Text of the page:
U.S. Navy Commander Dismissed After Second Fatal Collision This Year

Photo: ROSLAN RAHMAN/AFP/Getty Images.
Update: The U.S. Navy dismissed the commander of the Asia-based 7th Fleet on Wednesday after a series of warship accidents raised questions about its operations in the Pacific. A two-sentence statement said Adm. Scott Swift, commander of the U.S. Pacific Fleet, had relieved Vice Adm. Joseph Aucoin "due to a loss of confidence in his ability to command."
Swift said Tuesday some remains of Navy sailors were found in a compartment of the USS John McCain on Tuesday, a day after the warship's collision with an oil tanker in Southeast Asian waters left 10 sailors missing.
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This article was originally published on August 21, 2017 .
Vessels from several nations are searching Southeast Asian waters for 10 missing U.S. sailors after an early morning collision Monday between the USS John S. McCain and an oil tanker ripped a gaping hole in the destroyer's hull.
The collision east of Singapore was the second involving a ship from the U.S. Navy's 7th Fleet in the Pacific in two months.
Vessels and aircraft from the U.S., Indonesia, Singapore, and Malaysia are searching for the missing sailors. Four other sailors were evacuated by a Singaporean navy helicopter to a hospital in the city-state for treatment of non-life threatening injuries, the Navy said. A fifth was taken to the hospital by ambulance after the destroyer arrived in Singapore under its own power, the Maritime and Port Authority of Singapore said.
The McCain had been heading to Singapore on a routine port visit after conducting a sensitive freedom-of-navigation operation last week by sailing near one of China's man-made islands in the South China Sea.
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The Navy's 7th Fleet said "significant damage" to the McCain's hull resulted in the flooding of adjacent compartments including crew berths, machinery, and communications rooms. A damage control response prevented further flooding, it said.
The destroyer was damaged on its port side aft, or left rear, in the 5:24 a.m. collision about 4.5 nautical miles from Malaysia's coast but was able to sail on to Singapore's naval base. Malaysia's Maritime Enforcement Agency said the area is at the start of a designated sea lane for ships sailing into the Singapore Strait, one of the world's busiest shipping lanes.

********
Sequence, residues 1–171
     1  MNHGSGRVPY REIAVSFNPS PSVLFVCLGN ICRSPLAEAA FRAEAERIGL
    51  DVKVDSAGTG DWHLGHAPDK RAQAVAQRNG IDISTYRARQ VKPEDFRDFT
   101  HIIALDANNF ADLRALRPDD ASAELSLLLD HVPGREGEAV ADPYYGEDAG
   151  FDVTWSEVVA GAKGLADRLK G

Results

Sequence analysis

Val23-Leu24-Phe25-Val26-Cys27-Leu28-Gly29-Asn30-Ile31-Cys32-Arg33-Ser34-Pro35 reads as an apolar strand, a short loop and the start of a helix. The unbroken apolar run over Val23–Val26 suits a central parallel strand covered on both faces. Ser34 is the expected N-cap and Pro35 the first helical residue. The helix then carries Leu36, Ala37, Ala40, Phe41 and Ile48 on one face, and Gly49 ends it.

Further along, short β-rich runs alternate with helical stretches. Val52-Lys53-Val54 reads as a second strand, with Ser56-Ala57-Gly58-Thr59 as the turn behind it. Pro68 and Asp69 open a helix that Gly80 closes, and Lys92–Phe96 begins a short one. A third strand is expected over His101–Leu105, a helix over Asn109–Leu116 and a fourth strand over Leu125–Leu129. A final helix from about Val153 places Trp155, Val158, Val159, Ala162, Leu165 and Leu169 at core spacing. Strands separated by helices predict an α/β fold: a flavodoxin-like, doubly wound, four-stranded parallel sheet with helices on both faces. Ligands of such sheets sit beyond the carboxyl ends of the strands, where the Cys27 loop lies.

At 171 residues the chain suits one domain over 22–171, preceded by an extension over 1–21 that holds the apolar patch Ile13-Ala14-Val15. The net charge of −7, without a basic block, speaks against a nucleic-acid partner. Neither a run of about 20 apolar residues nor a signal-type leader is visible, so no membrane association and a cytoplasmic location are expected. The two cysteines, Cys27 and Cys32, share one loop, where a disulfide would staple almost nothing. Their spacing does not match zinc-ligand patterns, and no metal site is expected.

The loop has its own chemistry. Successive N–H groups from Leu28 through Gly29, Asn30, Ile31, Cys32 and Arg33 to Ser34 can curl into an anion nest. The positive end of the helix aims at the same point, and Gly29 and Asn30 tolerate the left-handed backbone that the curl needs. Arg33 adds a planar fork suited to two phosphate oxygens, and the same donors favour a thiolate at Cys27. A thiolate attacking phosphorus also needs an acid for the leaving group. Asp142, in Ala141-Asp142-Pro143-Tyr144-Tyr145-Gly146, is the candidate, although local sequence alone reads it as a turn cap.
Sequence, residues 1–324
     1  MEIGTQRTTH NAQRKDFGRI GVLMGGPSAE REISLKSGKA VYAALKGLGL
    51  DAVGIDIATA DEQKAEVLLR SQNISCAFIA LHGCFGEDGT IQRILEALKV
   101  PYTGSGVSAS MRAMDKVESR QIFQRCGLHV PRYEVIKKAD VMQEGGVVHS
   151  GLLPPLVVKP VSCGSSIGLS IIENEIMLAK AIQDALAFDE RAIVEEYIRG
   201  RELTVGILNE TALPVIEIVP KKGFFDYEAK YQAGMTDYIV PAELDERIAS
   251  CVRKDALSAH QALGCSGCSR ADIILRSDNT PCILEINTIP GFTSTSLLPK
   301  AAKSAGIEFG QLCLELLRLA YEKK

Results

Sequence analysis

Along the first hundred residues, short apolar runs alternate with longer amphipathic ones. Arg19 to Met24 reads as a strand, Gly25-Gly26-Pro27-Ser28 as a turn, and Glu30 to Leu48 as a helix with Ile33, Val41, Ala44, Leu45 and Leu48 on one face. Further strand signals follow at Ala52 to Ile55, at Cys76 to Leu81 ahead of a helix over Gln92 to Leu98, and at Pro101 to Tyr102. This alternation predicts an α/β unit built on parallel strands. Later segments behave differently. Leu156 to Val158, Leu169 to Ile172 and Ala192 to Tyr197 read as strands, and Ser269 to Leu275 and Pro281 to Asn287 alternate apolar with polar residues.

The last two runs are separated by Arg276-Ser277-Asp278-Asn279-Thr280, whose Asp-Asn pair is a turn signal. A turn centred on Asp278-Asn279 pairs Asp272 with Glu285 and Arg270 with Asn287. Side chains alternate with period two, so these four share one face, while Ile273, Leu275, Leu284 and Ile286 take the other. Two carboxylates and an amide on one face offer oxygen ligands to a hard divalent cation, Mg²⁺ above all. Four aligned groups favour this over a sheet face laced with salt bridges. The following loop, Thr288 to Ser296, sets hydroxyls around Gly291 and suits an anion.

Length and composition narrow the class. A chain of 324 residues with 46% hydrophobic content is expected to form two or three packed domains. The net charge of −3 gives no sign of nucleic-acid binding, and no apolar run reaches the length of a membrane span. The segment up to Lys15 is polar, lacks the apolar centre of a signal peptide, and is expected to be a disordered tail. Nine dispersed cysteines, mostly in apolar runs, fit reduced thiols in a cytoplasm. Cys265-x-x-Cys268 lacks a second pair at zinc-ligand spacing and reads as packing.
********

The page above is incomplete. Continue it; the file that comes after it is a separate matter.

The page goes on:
A photo tweeted by Malaysian navy chief Ahmad Kamarulzaman Ahmad Badaruddin showed a large rupture in the McCain's side near the waterline. Janes, a defense industry publication, estimated the hull breach was 10 feet wide.
Another U.S. naval vessel, the amphibious assault ship USS America, arrived in Singapore and was helping with damage control efforts on the McCain and with the search for the missing sailors, the Navy's 7th Fleet said. It also will feed and house sailors from the stricken ship.
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Singapore sent tugboats and naval and coast guard vessels to search for the missing sailors and Indonesia said it sent two warships. Malaysia said three ships and five boats as well as aircraft from its navy and air force were helping with the search, and the USS America deployed Osprey aircraft and Seahawk helicopters. The Navy was also searching the McCain's damaged interior.
There was no immediate explanation for the collision, and the Navy said an investigation would be conducted. Singapore, at the southernmost tip of the Malay Peninsula, is one of the world's busiest ports and a U.S. ally, with its naval base regularly visited by American warships.
The collision was the second involving a ship from the Navy's 7th Fleet in the Pacific in two months. Seven sailors died in June when the USS Fitzgerald and a container ship collided in waters off Japan.
The Fitzgerald's captain was relieved of his command and other sailors were being punished after the Navy found poor seamanship and flaws in keeping watch contributed to the collision, the Navy announced last week. An investigation into how and why the Fitzgerald collided with the other ship was not finished, but enough details were known to take those actions, the Navy said.
An official database for ports in Asia shows the vessel that crashed into the McCain was last inspected in the Chinese port of Dongying on July 29 and had one document deficiency, one fire safety deficiency, and two safety of navigation problems. The database doesn't go into details and the problems were apparently not serious enough for the Liberian-flagged vessel to be detained by the port authority.
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U.S. President Donald Trump expressed concern for the McCain's crew.
Trump returned to Washington on Sunday night from his New Jersey golf club. When reporters shouted questions to him about the McCain, he responded, "That's too bad."
About two hours later, Trump tweeted that "thoughts and prayers" are with the McCain's sailors as search and rescue efforts continue.
The 505-foot destroyer is named after U.S. Sen. John McCain's father and grandfather, who were both U.S. admirals. It's based at the 7th Fleet's homeport of Yokosuka, Japan.
McCain said on Twitter that he and his wife, Cindy, are "keeping America's sailors aboard the USS John S McCain in our prayers tonight — appreciate the work of search & rescue crews."
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